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Mushroom tyrosinase inhibitory activity and major fatty acid constituents of Amazonian native flora oils


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In order to treat hyperpigmentation-related problems, there has been a global trend in developing cosmetics claiming to have skin-whitening properties, which act by inhibiting melanin biosynthesis. The objective of this work was to evaluate the in vitro mushroom tyrosinase inhibitory activity of five Amazonian native flora oils, and so to verify the possibility of their incorporation into cosmetic products. In addition, the fatty acid composition of the essential oils was determined by gas chromatography-flame ionisation detection in order to determine the main components of these oils. The tyrosinase inhibitory activity of the tested oils was found to be in the following order: açaí (IA 50 = 66.08 μg mL -1) > tucumã > patauá > pracaxi > castanha do Brasil. This study suggests that açaí oil has great potential in the treatment of hyperpigmentation and other related disorders, due to its considerable tyrosinase inhibitory activity.
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*Correspondence: N. R. B. Raposo. Universidade Federal de Juiz de
Fora, Campus Universitário. Rua José Lourenço Kelmer, s/n, São Pedro -
36036-900 - Juiz de Fora - MG, Brazil. Tel/fax: 55 32 3229 3809. E-mail:
Brazilian Journal of
Pharmaceutical Sciences
vol. 48, n. 3, jul./sep., 2012
Mushroom tyrosinase inhibitory activity and major fatty acid
constituents of Amazonian native flora oils
Raquel da Silva Teixeira1, Paula Rafaela Rocha1, Hudson Caetano Polonini1,2, Marcos Antônio
Fernandes Brandão1,2, Maria das Graças Afonso Miranda Chaves2, Nádia Rezende Barbosa Raposo1, 2,*
1NIQUA, Federal University of Juiz de Fora, 2NUPICS, Federal University of Juiz de Fora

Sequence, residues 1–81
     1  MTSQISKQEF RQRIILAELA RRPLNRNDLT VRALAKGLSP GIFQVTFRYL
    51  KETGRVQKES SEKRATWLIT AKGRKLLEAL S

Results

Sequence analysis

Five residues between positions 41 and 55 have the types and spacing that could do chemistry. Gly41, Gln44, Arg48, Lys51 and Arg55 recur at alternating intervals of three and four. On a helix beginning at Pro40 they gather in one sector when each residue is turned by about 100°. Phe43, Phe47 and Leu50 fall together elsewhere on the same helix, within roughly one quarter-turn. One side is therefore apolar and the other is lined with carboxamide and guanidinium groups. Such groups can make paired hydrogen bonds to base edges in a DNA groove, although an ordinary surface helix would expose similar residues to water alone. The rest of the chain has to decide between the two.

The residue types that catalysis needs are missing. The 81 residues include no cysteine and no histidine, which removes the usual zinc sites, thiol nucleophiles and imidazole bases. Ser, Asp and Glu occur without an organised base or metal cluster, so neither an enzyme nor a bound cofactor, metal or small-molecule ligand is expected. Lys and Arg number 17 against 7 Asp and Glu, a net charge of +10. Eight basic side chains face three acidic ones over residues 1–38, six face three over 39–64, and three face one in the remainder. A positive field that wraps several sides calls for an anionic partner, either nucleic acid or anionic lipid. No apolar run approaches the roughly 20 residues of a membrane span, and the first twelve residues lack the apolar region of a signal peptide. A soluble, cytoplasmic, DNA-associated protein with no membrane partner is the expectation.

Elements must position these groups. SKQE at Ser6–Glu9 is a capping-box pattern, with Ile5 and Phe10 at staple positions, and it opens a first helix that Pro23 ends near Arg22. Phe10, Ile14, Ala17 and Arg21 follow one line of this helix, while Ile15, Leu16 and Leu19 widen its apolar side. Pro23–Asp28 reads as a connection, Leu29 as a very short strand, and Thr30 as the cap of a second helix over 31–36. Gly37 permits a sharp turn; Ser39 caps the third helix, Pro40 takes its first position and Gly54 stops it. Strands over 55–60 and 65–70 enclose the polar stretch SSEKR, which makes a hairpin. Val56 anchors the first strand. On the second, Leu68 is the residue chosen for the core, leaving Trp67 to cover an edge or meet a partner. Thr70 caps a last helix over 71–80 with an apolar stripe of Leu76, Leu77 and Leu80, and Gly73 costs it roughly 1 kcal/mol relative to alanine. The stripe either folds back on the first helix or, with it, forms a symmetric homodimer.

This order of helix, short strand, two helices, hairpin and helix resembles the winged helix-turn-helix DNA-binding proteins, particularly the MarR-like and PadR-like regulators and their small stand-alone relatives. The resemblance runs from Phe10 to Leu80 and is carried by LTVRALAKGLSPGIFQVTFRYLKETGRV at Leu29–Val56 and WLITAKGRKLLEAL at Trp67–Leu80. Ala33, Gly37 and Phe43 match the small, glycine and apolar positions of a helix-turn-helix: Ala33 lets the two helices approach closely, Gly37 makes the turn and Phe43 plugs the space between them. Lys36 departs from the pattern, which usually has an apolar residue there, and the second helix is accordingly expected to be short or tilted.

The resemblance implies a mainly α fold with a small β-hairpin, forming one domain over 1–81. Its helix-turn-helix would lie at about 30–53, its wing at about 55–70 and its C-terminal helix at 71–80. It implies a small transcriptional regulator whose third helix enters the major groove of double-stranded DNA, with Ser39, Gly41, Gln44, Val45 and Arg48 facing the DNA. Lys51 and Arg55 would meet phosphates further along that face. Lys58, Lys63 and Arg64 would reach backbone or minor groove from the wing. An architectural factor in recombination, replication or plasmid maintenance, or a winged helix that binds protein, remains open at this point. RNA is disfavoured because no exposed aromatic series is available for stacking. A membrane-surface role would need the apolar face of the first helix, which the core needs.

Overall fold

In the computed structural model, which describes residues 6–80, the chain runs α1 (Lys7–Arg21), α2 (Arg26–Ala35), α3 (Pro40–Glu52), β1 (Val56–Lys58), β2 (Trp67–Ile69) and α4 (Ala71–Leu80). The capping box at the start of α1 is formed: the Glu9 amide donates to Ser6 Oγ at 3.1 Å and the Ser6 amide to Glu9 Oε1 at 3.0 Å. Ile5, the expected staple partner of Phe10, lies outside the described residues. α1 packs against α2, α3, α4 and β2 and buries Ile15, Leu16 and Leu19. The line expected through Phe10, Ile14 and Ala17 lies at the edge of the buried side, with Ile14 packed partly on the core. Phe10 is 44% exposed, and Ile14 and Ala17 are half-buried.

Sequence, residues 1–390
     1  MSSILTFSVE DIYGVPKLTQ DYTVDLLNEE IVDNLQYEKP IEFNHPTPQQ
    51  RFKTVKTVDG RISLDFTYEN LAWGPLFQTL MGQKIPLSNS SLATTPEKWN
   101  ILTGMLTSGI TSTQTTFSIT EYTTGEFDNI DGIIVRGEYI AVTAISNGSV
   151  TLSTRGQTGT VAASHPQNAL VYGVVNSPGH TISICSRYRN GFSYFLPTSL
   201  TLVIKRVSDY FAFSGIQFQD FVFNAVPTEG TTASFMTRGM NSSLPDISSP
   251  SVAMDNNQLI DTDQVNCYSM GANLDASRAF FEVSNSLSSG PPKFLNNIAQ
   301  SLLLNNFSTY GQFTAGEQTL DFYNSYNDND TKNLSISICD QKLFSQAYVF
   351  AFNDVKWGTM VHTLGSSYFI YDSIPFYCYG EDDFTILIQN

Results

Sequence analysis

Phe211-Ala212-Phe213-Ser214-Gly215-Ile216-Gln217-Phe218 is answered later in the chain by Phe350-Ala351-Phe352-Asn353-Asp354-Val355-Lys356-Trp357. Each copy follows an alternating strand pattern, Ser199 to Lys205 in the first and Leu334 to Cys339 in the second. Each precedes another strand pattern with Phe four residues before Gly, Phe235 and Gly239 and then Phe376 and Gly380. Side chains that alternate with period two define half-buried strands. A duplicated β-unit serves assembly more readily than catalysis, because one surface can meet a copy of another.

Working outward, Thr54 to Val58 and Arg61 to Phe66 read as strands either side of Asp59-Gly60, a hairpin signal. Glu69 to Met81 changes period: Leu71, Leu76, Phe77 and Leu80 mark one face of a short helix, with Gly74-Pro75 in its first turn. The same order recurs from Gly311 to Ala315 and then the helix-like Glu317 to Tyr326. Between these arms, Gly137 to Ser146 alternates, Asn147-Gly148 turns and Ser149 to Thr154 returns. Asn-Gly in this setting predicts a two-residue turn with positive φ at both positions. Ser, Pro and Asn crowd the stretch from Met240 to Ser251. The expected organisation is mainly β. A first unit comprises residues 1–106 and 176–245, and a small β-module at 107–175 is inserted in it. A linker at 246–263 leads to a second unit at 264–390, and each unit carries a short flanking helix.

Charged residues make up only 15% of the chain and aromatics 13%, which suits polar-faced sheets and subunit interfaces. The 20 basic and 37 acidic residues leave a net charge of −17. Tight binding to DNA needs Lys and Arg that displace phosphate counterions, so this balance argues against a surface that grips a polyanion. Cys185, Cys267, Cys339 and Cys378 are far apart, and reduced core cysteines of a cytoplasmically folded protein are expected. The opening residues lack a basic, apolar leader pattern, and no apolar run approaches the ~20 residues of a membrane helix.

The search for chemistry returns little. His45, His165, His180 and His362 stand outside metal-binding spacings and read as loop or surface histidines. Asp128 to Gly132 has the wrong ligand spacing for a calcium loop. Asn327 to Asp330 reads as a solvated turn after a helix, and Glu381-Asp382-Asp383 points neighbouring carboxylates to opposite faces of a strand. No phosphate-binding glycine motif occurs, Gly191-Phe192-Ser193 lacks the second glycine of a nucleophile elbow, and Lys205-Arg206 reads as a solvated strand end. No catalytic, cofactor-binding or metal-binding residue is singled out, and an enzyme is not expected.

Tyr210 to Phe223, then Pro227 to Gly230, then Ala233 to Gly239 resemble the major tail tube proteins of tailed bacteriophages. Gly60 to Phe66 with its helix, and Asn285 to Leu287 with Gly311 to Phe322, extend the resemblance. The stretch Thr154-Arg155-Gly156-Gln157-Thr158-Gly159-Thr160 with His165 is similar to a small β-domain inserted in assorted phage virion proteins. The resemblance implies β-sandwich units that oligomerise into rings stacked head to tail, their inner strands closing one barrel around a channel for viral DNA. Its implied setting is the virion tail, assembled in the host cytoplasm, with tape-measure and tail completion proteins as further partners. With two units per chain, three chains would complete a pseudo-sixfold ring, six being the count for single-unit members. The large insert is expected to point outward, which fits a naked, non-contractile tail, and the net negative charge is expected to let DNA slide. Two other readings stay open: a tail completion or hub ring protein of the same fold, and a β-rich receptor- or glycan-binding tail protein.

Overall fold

In order to treat hyperpigmentation-related problems, there has been a global trend in developing cosmetics
claiming to have skin-whitening properties, which act by inhibiting melanin biosynthesis. The objective
of this work was to evaluate the in vitro mushroom tyrosinase inhibitory activity of ve Amazonian
native ora oils, and so to verify the possibility of their incorporation into cosmetic products. In addition,
the fatty acid composition of the essential oils was determined by gas chromatography-ame ionisation
detection in order to determine the main components of these oils. The tyrosinase inhibitory activity of
the tested oils was found to be in the following order: açaí (IA50 = 66.08 µg mL-1) > tucumã > patauá
> pracaxi > castanha do Brasil. This study suggests that açaí oil has great potential in the treatment of
hyperpigmentation and other related disorders, due to its considerable tyrosinase inhibitory activity.
Uniterms: Amazonian plants/evaluation/dermatological use. Skin lightening agents. Tyrosinase/
inhibition/in vitro evaluation. Melanin. Hyperpigmentation/treatment.
Com o intuito de se tratar problemas dermatológicos de hiperpigmentação, há uma tendência mundial no
desenvolvimento de cosméticos que possuam propriedades despigmentantes, os quais agem inibindo a
biossíntese de melanina. O objetivo deste trabalho foi avaliar in vitro a atividade de inibição da tirosinase
de cogumelo de cinco óleos de plantas nativas da Amazônia e, desta forma, vericar a possibilidade de sua
incorporação em produtos cosméticos. Ainda, a composição de ácidos graxos dos óleos foi determinada
por cromatograa gasosa com detecção por ionização de chama, no intuito de determinar os principais
componentes destes óleos. A atividade de inibição da tirosinase dos óleos testados foi encontrada na
seguinte ordem: açaí (IA50 = 66,08 µg mL-1) > tucumã > patauá > pracaxi > castanha do Brasil. Este
estudo sugere que o óleo de açaí possui grande potencial para o tratamento da hiperpigmentação cutânea
e doenças correlatas, devido à sua considerável atividade de inibição da tirosinase.
Unitermos: Plantas amazônicas/avaliação/uso dermatológico. Despigmentantes. Tirosinase/inibição/
avaliação in vitro. Melanina. Hiperpigmentação cutânea/tratamento.
The major determinant of the colour of mammalian